The London Years
Irvine Welsh grew up in Leith, Scotland. The son of working class parents, he spent his childhood in government housing, a milieu he gave voice to in his hugely popular novel and subsequent film, Trainspotting. The book was an international success and long-listed for the Man Booker Prize in 1993. Welsh moved to London in his twenties and played in local punk bands but returned to Edinburgh in the late-80s. Drawing inspiration from the the rave culture there, he began writing seriously and submitting to literary journals. After Trainspotting, he published Ecstasy, Glue, Porno, The Acid House and The Bedroom Secrets of Master Chefs. His books’ themes range from the Scottish identity, sectarianism, classism, immigration, unemployment, AIDS and drug use. Recent works are The Bedroom Secrets of the Master Chefs (2006), a play, Babylon Heights (2006), written with Dean Cavanagh, and If You Liked School You'll Love Work (2007). His latest novel, Crime, was published in 2008. He has taught undergraduate creative writing at Columbia College in Chicago and currently divides his time between Miami, Chicago, Dublin and London.
Irvine Welsh: Yeah. I was totally right in that social milieu. I was talking [about] these punks who came here that was basically made and whose life was changed by working in a sort of room full of book and TV. He’s fixing them up and sort of to send them back out. I say TVs, I don’t mean transvestites, I mean televisions. And then off to… Then go down in a pub and buy [IB], you “God Save the Queen” playing, and just blasting your eardrums with it. And then off to London next week, basically, chucking everything in. So that was really… It was just… So, for me and so many other people, the cause and effect there is just so stark. You never you never find anything as stark as that again in your life.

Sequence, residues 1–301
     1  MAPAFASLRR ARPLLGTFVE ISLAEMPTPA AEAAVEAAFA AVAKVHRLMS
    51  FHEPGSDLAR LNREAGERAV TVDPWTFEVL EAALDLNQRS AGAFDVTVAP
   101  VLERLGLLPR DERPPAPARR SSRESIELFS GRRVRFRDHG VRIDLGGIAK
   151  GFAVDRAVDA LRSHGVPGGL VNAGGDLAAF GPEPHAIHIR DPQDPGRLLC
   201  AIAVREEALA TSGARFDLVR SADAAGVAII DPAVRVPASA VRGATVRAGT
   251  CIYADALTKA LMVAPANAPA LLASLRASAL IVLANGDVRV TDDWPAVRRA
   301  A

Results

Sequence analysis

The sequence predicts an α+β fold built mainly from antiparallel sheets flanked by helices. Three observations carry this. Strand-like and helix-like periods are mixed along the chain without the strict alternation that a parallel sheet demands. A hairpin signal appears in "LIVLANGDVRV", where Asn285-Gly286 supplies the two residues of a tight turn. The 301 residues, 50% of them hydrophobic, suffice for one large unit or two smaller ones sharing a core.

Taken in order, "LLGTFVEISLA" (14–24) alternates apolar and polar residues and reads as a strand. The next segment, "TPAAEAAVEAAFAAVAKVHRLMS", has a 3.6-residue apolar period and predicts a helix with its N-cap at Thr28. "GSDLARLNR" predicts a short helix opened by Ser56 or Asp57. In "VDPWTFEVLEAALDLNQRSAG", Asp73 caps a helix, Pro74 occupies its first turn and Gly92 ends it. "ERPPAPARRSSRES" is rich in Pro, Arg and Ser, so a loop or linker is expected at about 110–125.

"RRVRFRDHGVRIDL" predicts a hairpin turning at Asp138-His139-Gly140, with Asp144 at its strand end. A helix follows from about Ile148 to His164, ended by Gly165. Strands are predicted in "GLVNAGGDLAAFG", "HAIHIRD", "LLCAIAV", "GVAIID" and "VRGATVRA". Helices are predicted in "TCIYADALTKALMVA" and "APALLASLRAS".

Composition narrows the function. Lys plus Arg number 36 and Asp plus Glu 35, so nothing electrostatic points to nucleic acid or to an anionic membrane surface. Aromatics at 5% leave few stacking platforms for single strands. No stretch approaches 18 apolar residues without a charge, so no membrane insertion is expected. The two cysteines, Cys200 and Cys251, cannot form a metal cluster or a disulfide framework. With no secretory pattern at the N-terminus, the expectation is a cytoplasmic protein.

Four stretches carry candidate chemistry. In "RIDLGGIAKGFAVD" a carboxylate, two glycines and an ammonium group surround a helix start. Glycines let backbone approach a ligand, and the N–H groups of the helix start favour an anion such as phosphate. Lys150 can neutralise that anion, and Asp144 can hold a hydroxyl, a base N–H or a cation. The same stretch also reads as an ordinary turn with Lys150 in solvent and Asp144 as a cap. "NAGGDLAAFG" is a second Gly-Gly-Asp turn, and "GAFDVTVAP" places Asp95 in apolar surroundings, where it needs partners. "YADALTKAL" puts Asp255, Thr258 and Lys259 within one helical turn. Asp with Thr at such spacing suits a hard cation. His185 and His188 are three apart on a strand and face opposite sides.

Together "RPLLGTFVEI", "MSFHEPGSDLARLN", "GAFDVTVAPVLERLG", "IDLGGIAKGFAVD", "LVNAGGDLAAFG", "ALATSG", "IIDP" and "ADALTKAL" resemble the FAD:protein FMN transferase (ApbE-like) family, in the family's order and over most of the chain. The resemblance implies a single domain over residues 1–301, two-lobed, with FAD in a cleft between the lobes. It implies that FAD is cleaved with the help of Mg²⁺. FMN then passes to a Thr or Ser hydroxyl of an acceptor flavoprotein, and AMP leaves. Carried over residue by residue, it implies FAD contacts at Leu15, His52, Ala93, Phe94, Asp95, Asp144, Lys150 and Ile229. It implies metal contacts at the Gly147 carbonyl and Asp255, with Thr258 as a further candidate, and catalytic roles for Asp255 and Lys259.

The good thing about back then is, well, because you had the remnants of the Welfare, say, if you’ve been working for a while, you’ve got something called the tax rebate, which has [stopped], which meant that you got the tax back in what you’ve… what you paid there in tax that year, you got it back. So people would basically stop work to get their tax rebates. And you also had the housing benefits and you had a decent unemployment benefit program, so you can go to college for a pound back then.
So you could get by. There’s lots of part-time, temporary jobs you could do. You could do dishwashing. You could do portering. There’s just so much, so much around you. There weren’t great jobs, but you could find a job. You could stop work for 6 months [level] of tax rebates and then find a job again and do stuff.
And most people who did that, they didn’t just waste around. They were forming bands and were getting into getting to all sorts of things or were going to college. So, I think it was a great time. There’s a great idea that you had some kind of paid time out back then. It wasn’t the same pressure to to kind of achieve and to sort of… and basically to be kind of middle aged by the time you were 20.
Recorded on: September 8, 2008
Irvine Welsh remembers social welfare perks that made being young easy.
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